In the 2.4 series of Linux kernels the DEVICE must be a SCSI generic (sg) device. In the 2.6 series block devices (e.g. SCSI disks and DVD drives) can also be specified. For example "sg_opcodes /dev/sda" will work in the 2.6 series kernels.

Exit Status

The exit status of sg_opcodes is 0 when it is successful. Otherwise see the sg3_utils(8) man page.

Older Command Line Options

The options in this section were the only ones available prior to sg3_utils version 1.23 . Since then this utility defaults to the newer command line options which can be overridden by using --old (or -O) as the first option. See the Environment Variables section for another way to force the use of these older command line options.

-a

sort command alphabetically. Equivalent to --alpha in main description.

-c

see the --compact option above.

-e

see the --enumerate option above.

-H

see the --hex option above.

-m

see the --mask option above.

-n

don't print a summary of the SCSI INQUIRY response on stdout.

-N, --new

Switch to the newer style options.

-o=OP

the DEVICE will be queried for the given operation code (i.e. OP) which is the first byte of a SCSI command. OP is hexadecimal and expected to be in the range 0 to ff inclusive. When this option is not given then all available SCSI commands supported by the DEVICE are listed.

-p=DT

see the --pdt=DT option above.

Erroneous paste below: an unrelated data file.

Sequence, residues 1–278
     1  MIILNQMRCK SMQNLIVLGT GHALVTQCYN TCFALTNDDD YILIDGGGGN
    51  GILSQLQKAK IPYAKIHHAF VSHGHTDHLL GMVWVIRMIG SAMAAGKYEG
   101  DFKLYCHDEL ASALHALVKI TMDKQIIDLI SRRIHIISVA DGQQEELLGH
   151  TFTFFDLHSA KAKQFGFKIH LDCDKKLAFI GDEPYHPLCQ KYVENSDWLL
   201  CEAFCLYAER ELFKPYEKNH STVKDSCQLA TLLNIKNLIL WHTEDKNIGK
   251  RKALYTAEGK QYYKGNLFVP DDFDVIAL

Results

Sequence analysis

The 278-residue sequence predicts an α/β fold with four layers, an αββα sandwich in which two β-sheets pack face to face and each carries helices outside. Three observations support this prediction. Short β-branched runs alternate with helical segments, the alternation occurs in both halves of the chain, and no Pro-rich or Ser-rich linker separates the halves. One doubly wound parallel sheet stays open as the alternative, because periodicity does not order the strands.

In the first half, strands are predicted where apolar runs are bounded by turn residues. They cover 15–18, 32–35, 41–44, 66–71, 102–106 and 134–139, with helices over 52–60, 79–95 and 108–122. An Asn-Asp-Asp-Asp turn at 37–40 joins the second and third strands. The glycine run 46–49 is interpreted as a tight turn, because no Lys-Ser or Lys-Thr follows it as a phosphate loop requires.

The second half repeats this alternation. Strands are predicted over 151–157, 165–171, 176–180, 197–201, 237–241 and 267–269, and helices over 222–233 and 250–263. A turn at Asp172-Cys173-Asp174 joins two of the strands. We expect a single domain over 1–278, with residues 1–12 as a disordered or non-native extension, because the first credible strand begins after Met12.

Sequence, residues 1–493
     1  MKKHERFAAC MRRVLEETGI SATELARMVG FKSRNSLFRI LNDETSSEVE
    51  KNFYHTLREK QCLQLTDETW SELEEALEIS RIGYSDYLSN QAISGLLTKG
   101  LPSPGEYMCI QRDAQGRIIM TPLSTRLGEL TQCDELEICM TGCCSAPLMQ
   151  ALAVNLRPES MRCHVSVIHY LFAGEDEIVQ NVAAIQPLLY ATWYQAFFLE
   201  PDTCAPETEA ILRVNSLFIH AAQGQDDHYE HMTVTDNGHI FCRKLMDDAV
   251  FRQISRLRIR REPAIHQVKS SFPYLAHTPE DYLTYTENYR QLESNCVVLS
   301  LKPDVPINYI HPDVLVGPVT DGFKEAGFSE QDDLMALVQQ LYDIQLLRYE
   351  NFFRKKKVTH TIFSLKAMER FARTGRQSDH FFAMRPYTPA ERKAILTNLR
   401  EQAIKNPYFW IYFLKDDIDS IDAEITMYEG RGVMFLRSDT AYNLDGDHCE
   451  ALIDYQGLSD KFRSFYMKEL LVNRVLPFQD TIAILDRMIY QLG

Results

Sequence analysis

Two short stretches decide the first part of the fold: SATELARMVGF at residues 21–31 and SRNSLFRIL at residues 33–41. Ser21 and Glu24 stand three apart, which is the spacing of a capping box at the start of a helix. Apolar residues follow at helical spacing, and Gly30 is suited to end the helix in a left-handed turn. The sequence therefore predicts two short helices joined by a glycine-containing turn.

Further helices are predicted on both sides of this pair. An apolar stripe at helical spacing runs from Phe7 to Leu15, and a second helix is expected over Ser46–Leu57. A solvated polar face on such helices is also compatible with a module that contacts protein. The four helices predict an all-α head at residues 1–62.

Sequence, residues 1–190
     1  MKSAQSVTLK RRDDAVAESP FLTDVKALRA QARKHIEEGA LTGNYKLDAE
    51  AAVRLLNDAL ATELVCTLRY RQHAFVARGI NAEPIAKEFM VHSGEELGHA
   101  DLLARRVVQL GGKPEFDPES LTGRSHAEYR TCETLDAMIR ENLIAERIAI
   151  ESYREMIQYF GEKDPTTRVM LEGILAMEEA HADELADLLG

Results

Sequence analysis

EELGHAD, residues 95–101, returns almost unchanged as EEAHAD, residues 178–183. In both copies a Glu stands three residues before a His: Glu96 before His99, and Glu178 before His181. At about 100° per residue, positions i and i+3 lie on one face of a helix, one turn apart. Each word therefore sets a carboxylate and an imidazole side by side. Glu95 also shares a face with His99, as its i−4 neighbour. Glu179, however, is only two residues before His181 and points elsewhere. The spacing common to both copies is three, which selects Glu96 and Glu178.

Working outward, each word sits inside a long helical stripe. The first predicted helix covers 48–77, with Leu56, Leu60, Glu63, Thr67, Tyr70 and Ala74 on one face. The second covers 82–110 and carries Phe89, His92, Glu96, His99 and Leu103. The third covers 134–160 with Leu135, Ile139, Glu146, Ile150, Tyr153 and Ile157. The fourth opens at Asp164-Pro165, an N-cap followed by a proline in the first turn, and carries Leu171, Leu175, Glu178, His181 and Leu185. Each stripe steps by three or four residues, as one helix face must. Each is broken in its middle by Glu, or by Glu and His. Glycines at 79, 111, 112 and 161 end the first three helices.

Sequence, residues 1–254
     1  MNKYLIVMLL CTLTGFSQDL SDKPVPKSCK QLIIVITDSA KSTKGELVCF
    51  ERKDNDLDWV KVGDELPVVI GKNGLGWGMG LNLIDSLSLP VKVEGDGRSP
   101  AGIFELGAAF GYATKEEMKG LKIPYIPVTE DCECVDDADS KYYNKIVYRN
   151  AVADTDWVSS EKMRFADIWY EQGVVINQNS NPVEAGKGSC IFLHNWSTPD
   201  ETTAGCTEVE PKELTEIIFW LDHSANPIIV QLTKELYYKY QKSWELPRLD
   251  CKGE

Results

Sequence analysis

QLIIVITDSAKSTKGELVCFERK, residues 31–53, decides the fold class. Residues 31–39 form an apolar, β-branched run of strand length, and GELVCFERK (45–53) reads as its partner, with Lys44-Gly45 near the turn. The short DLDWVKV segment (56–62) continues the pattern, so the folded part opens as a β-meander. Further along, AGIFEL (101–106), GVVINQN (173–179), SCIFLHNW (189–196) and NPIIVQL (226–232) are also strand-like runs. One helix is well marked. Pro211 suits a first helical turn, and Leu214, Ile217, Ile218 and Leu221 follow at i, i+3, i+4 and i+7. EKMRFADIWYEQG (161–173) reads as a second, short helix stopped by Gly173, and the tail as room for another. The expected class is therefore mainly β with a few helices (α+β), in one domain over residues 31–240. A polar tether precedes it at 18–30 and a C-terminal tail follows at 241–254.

-q

set the read extended parameter data (REPD) bit in report TMF cdb. Equivalent to --repd in main description.

-R

set the report command timeout descriptor (RCTD) bit in cdb. Equivalent to --rctd in main description.

-s=SA

the DEVICE will be queried for a command with the given service action (i.e. SA). Used in conjunction with the -o=OP option. If this option is not given, -o=OP is given and the command in question does have a service action then a value of 0 will be assumed. SA is hexadecimal and expected to be in the range 0 to ffff inclusive.

-t

list supported task management functions. Equivalent to --tmf in the main description.

-u

output all supported commands in the order given by DEVICE. Equivalent to --unsorted in main description.

-v

increase level of verbosity. Can be used multiple times.

-V

print out version string then exit.

-?

output usage message. Ignore all other parameters.

Examples

The examples in this page use Linux device names. For suitable device names in other supported Operating Systems see the sg3_utils(8) man page.

To see the information about a specific command give its operation code to the '--op=' option. A command line invocation is shown first followed by a typical response:

  # sg_opcodes --op=93h /dev/sdb

 Opcode=0x93
 Command_name: Write same(16)
 Command supported [conforming to SCSI standard]
 Usage data: 93 e2 00 00 00 00 ff ff ff ff 00 00 ff ff 00 00

The next example shows the supported task management functions:

  # sg_opcodes --tmf -n /dev/sdb

Task Management Functions supported by device:
   Abort task
   Abort task set
   Clear ACA
   Clear task set
   Logical unit reset
   Query task

Enumerate can be used to look up a SCSI command name in the absence of a device that supports that command. The opcode and service action (if required) should be supplied:

  # sg_opcodes --enumerate --op=0x9b,0xa

 SCSI command:
   Read buffer(16), read data from echo buffer

Environment Variables

Since sg3_utils version 1.23 the environment variable SG3_UTILS_OLD_OPTS can be given. When it is present this utility will expect the older command line options. So the presence of this environment variable is equivalent to using --old (or -O) as the first command line option.

Author

Written by Douglas Gilbert

Reporting Bugs

Report bugs to <dgilbert at interlog dot com>.

See Also

sg_inq(sg3_utils)

Referenced By

sg_inq(8).

June 2018 sg3_utils-1.43 SG3_UTILS